American Apparel to Raise Capital After Posting Wider LossMatt Townsend
American Apparel Inc., the retail chain facing a legal fight with ousted founder Dov Charney, plans to raise money with a $10 million stock offering after posting a wider first-quarter loss.
The stock sale will be “at the market” -- meaning shares are sold from time to time rather than in one big block -- with the proceeds going toward working capital and general corporate purposes, the Los Angeles-based company said in a statement Monday. American Apparel’s net loss expanded to $26.4 million, or 15 cents a share, from $5.47 million, or 5 cents, a year earlier. Revenue fell 9.4 percent to $124.2 million.
Chief Executive Officer Paula Schneider is trying to reinvigorate sales and stem red ink after the tumultuous exit of Charney last year. The chain has lost hundreds of millions of dollars over the past three years, forcing it to sell stock and borrow money at high rates to stay afloat.
“This is a company that lost $340 million in five years -- the turnaround isn’t one quarter,” Schneider said in an interview. “It’s going to take a couple quarters to start showing off our brighter side.”
The stock fell 3.9 percent to 62 cents at the close in New York. The shares have tumbled 40 percent this year.
The retailer had to heavily discount old inventory to make room for newer styles. That lowered profitability, with its gross margin sank more than 10 percentage points to 42 percent. The company also declined to provide any guidance on future sales or profit.
The company had $20.9 million in cash at the end of last quarter on March 31. That doesn’t take into account an interest payment on its bonds of about $14 million. The company also reiterated in a filing that it expects to have enough liquidity to meet funding requirements for the next 12 months. The stock sale will be handled by Cowen & Co., American Apparel said.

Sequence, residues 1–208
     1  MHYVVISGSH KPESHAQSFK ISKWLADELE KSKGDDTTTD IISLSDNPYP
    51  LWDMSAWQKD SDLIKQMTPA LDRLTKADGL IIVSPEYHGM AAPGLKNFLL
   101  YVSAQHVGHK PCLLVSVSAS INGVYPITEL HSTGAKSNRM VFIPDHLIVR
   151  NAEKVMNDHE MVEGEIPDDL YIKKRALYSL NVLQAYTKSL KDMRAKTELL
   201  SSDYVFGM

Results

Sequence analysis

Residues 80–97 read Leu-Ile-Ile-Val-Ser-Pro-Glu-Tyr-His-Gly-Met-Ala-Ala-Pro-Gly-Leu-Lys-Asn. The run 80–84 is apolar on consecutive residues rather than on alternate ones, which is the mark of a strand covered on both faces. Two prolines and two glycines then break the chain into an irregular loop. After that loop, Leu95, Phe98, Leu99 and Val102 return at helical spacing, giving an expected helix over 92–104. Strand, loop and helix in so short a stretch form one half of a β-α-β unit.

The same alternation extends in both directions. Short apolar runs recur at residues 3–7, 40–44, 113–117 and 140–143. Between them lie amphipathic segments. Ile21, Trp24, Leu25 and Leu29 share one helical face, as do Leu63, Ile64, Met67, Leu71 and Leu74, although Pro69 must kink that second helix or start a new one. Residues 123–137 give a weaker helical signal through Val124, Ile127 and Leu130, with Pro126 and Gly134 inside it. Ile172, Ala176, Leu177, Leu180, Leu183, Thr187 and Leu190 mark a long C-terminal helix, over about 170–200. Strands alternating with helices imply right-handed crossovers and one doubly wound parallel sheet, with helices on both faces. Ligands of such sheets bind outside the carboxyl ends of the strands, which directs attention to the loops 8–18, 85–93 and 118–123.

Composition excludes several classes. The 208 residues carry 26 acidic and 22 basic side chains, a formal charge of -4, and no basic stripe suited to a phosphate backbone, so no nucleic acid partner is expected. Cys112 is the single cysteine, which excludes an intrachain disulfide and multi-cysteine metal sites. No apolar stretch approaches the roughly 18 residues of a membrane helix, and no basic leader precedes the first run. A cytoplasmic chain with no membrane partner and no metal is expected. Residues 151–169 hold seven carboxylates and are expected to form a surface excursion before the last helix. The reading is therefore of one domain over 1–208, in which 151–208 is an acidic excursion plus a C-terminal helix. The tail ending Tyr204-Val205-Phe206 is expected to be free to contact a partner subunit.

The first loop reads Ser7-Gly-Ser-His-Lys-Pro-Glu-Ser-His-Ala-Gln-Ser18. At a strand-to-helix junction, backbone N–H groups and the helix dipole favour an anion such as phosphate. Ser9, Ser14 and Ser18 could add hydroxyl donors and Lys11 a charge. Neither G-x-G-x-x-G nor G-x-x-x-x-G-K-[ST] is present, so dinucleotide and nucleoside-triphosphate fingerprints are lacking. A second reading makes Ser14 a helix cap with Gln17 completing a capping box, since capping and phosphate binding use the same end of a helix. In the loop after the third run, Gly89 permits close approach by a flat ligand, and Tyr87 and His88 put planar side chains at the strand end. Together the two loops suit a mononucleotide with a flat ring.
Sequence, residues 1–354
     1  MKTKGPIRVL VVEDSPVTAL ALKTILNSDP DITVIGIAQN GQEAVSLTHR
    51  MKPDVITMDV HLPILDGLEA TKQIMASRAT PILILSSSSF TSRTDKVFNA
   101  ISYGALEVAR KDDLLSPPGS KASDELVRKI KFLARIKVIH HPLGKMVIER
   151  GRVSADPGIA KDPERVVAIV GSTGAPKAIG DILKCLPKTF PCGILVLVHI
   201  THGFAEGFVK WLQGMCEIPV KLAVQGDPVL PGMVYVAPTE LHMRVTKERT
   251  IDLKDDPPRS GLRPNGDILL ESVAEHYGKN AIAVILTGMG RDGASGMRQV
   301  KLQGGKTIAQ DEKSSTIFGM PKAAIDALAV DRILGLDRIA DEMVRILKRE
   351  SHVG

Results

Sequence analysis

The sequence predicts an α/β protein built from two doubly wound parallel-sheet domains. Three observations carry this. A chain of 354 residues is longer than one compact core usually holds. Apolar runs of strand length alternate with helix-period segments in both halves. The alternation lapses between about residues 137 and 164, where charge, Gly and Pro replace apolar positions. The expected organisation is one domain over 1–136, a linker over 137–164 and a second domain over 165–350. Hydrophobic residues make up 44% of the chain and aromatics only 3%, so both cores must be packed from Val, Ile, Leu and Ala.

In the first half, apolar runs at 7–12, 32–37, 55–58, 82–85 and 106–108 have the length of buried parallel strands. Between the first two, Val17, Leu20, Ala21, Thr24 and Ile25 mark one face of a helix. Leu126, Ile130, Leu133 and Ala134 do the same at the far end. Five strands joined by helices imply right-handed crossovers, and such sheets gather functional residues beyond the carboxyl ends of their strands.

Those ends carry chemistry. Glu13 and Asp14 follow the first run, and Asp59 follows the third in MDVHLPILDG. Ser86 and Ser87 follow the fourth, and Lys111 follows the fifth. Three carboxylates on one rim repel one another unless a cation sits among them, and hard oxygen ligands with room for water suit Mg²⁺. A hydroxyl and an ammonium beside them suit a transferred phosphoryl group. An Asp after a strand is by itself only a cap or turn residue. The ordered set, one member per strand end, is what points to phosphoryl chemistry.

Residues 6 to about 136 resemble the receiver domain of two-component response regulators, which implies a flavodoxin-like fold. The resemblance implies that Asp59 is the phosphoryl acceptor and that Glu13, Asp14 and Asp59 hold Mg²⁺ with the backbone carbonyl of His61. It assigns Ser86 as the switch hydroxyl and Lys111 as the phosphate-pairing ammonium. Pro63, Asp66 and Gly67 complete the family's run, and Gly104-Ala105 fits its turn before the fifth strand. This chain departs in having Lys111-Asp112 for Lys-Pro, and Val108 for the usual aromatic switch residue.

Charney, the company’s 46-year-old founder, was fired in December for alleged misconduct that included sexual harassment and misuse of funds. Since then, he has fought to return to the clothing company. Charney remains the company’s largest stockholder, although he shares voting rights with hedge fund Standard General.
During this volatile period, the retailer’s results worsened. The company also has racked up legal costs related to Charney, including $1.5 million last quarter.
Since taking over, Schneider has shaken up the ranks by firing some long-time Charney supporters and bringing in new design executives like Joseph Pickman, formerly of the Band of Outsiders brand.
When Schneider took over as CEO she said her friendly relationship with Charney would help ease the leadership transition. That has since changed as Charney has agitated for his return.
“Dov’s agenda is becoming abundantly clear with all the lawsuits that are flying toward us, but at the end of the day we have a really strong strategic plan,” Schneider said. “We haven’t spoken in quite a while.”
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